It is not often that a seemingly relative routine job change is cause for comment in these columns. Nor is it often that an individual so defines an organisation that it becomes an embodiment of his or her character.
Carolyn Gomes, who has resigned as executive director of Jamaicans for Justice (JFJ), and the organisation of which she was an integral part for 14 years, are examples of this phenomenon. On balance, Jamaica is better for it. They brought a new dimension to human-rights advocacy.
It ought not to be surprising that JFJ and Dr Gomes' name - and, perhaps, personality - are so intertwined. After all, JFJ had its genesis, and Gomes her transformation from family physician to human-rights campaigner, when she witnessed a policeman shooting dead an alleged criminal on the compound where she worked. Indeed, she was the JFJ's first chairman and served as its executive director for 11 years.
JFJ and Dr Gomes were neither the first organisation nor individual to passionately promote the cause of human rights in Jamaica, especially of poor people, who are more likely to be the ones to have their rights infringed. Many years before the JFJ, the Jamaica Council for Human Rights existed, and people like Flo O'Connor and Dennis Daley maintained a mostly lonely advocacy.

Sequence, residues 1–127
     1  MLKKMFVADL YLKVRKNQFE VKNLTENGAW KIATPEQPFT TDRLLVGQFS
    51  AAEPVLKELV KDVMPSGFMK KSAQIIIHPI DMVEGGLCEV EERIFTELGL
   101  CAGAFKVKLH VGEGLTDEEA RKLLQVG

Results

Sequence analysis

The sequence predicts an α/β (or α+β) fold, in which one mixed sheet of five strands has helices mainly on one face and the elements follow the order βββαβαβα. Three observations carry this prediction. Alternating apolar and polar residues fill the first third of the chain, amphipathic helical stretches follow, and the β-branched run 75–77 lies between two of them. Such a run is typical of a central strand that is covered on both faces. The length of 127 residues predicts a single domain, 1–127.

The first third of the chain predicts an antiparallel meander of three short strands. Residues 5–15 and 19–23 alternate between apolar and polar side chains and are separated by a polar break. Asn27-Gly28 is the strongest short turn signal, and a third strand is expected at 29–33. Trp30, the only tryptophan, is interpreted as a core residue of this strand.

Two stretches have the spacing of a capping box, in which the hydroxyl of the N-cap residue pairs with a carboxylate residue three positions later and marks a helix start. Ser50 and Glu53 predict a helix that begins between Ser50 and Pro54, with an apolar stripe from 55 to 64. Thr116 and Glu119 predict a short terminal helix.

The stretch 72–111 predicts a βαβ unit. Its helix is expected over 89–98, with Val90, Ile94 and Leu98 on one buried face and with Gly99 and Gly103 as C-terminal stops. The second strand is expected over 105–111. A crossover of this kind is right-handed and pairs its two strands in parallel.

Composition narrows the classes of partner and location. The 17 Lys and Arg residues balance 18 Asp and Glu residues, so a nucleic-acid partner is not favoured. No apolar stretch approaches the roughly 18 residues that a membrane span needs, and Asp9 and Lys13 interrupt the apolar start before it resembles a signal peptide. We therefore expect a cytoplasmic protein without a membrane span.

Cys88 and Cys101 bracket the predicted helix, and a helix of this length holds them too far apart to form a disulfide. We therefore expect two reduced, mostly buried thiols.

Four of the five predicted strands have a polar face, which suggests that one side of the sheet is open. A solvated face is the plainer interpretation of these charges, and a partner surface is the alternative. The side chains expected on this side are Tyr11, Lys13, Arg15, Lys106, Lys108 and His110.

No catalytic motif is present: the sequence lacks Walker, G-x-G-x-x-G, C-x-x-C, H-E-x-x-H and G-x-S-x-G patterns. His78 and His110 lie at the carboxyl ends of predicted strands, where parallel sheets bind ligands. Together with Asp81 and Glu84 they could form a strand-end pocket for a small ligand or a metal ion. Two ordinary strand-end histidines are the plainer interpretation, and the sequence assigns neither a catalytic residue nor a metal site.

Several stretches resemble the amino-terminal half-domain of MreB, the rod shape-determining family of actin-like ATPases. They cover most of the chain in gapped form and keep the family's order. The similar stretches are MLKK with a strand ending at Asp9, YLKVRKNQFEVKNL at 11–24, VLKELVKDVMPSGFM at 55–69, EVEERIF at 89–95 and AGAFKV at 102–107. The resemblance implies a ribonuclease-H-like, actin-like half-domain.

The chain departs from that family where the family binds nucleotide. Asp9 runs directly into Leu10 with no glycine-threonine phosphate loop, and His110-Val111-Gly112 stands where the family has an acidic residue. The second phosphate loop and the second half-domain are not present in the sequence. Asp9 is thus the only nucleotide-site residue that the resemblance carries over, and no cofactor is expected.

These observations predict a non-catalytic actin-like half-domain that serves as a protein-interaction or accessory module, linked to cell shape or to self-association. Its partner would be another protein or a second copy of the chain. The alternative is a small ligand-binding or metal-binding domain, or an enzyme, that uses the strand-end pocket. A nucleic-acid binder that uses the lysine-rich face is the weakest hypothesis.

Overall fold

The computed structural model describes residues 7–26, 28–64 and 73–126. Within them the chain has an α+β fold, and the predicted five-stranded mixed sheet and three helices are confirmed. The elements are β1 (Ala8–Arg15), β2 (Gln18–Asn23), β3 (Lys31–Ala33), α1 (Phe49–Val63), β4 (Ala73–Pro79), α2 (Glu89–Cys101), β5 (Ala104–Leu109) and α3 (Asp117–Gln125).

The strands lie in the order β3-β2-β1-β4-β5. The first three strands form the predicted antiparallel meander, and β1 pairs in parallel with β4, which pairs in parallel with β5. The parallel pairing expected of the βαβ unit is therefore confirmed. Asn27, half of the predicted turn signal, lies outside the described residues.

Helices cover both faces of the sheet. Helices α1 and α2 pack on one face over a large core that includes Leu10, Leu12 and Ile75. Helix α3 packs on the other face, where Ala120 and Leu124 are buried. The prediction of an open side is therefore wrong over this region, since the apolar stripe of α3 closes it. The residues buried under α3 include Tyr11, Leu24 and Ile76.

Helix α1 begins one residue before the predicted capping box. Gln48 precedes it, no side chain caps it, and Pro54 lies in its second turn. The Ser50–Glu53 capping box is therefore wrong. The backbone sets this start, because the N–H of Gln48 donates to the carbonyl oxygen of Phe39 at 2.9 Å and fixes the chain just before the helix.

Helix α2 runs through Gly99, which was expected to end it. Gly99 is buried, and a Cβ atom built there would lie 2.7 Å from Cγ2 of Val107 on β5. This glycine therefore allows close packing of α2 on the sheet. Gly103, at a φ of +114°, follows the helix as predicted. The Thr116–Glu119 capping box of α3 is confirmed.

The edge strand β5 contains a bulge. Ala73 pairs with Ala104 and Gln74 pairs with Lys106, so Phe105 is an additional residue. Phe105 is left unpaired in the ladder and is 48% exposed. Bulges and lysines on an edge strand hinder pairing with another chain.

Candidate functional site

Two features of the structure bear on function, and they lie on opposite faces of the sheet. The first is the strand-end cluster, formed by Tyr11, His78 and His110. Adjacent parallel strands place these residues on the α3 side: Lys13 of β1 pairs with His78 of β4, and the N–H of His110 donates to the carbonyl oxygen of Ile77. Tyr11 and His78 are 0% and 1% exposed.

But a confluence of circumstances was advantageous to the timing of JFJ's and Dr Gomes' emergence. By the end of the 1990s, the diminishing trust of Jamaicans in politicians and political parties and the institutions of the State - not least the police - was apparent.
The suffocation of detainees in a badly overcrowded cell at the Constant Spring lock-up had already taken place, and the beating to death of Michael Gayle by members of the security forces was about to happen. Meanwhile, there was an explosion of media in Jamaica.
Dr Gomes and JFJ exploited these developments to their cause. But that would be too easy an explanation for the JFJ-Carolyn Gomes phenomenon; trite even.
SWITCH TURNED ON
The larger factor, in our view, is that the shooting incident turned on a switch somewhere deep inside her - she believed. Jamaicans, especially the poor, deserved better and a right to demand what was guaranteed by their Constitution.
Dr Gomes appreciated something else in this environment of the mushrooming of media - that it could be co-opted to her cause. She spoke often, and loudly, and in a language and with cadences that merged her in medium and message.
At times, especially early on, she may have been perceived to be politically partisan, or to be insensitive to the pain of victims and perpetrators of crime. The presumption of partisanship may, in some instances, have been evidence of zealousness and the fact that there was nothing against which to judge her. Further, there was an appreciation, as was the case with the advocates before her, that no one's rights are safe if the rights of anyone can be usurped.
Dr Gomes' move to an organisation that promotes the rights of, and support for, victims of HIV/AIDS may well be less hectic. But given the past evidence of Dr Gomes' energy and capacity to raise the decibel on issues about which she is passionate, we are likely to soon hear a lot about the Caribbean Vulnerable Communities.
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